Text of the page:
Like every method however, war gaming also has certain restrictions. War games are thus driven by the decisions of the players. Each game is unique and cannot be reproduced. In addition, the number of games that are played by human players – in contrast to virtual players – is very limited. This makes it impossible to formulate statistical statements on the outcome of a particular game. Last but not least, the outcome of a war game, as for example in a game of chess, is also heavily dependent on the ability of the players.

Artificial Intelligence (AI) now has the potential to overcome these restrictions and enables war games to be statistically analysed. Using artificial intelligence, digitalised war games can be played and analysed completely automatically, for example. Intelligence agents compete against each other and learn, during innumerable games, which tactical procedures in connection with which military capabilities and technical systems promise the greatest success.

In future, artificial intelligence could thus help persons with decision-making and planning functions to develop new tactics and procedures. For example, to find out which combinations of military abilities are profitable and which requirements are critical for new military systems to be procured.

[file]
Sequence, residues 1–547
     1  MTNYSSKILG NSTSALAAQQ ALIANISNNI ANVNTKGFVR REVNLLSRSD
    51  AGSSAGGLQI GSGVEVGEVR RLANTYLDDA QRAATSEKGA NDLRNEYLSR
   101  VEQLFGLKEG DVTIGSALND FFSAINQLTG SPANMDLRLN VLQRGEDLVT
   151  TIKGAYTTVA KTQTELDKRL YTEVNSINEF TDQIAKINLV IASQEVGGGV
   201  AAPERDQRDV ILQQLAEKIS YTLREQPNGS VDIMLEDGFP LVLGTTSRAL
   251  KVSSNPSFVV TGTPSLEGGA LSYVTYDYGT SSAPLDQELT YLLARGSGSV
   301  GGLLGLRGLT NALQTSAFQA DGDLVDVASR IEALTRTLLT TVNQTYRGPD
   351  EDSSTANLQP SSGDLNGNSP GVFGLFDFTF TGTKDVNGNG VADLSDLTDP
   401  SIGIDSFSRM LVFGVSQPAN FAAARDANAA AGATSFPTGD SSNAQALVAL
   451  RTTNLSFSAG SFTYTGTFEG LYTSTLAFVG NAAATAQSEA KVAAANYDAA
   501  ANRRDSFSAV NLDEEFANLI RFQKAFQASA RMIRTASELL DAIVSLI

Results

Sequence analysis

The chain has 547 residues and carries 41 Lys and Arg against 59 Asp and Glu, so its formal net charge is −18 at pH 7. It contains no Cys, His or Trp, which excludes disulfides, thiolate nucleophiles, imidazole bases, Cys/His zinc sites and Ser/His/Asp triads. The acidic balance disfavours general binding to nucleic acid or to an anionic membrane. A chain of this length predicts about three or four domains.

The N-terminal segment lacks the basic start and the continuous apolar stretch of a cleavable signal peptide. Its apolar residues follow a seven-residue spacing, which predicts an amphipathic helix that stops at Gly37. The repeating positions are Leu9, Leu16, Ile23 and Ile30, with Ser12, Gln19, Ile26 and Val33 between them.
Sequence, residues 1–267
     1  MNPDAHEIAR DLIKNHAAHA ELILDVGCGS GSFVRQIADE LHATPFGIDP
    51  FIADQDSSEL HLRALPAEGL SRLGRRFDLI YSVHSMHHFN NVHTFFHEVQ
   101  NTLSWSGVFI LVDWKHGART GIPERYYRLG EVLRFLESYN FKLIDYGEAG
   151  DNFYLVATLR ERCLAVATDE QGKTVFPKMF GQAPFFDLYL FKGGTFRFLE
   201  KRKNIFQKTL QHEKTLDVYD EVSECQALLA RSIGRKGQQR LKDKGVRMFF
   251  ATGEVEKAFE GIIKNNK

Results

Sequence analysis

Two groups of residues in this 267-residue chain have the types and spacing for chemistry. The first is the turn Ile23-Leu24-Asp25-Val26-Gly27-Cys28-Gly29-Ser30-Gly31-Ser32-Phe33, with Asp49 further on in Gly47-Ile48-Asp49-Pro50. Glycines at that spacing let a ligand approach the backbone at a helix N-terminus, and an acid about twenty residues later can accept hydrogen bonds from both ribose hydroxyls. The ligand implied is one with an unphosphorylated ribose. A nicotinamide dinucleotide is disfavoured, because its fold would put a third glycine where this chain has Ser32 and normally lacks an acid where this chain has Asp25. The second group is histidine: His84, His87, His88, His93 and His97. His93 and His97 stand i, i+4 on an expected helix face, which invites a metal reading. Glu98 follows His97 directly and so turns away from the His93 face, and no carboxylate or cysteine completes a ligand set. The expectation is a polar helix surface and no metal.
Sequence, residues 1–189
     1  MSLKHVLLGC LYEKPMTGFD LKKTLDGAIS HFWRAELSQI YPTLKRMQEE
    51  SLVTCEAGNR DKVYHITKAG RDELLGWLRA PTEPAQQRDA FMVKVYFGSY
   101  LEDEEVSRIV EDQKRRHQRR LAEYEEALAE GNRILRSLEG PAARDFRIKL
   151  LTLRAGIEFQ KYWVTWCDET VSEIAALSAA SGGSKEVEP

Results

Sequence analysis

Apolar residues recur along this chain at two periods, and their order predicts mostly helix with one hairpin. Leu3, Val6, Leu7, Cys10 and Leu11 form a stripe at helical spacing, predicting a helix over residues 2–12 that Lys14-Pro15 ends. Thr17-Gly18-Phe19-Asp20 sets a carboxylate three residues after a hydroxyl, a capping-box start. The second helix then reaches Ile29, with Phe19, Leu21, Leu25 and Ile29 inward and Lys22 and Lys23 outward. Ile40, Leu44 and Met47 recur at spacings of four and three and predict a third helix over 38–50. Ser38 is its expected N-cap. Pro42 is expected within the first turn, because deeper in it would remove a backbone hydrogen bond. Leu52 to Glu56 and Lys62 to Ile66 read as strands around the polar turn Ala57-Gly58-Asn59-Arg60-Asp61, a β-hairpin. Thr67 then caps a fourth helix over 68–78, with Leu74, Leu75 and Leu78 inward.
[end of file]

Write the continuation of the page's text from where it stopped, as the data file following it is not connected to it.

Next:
First application in the area of air defence

To be able to better estimate the potential of artificial intelligence for support in war gaming, employees at armasuisse Science and Technology (S+T) have carried out initial experiments as part of a research project. For this purpose, the war game New Techno War was digitalised and initial algorithms tested. The results were promising and confirmed initial estimations on the optimal playing tactics. However, this game is very abstract and therefore cannot be directly applied to realistic scenarios.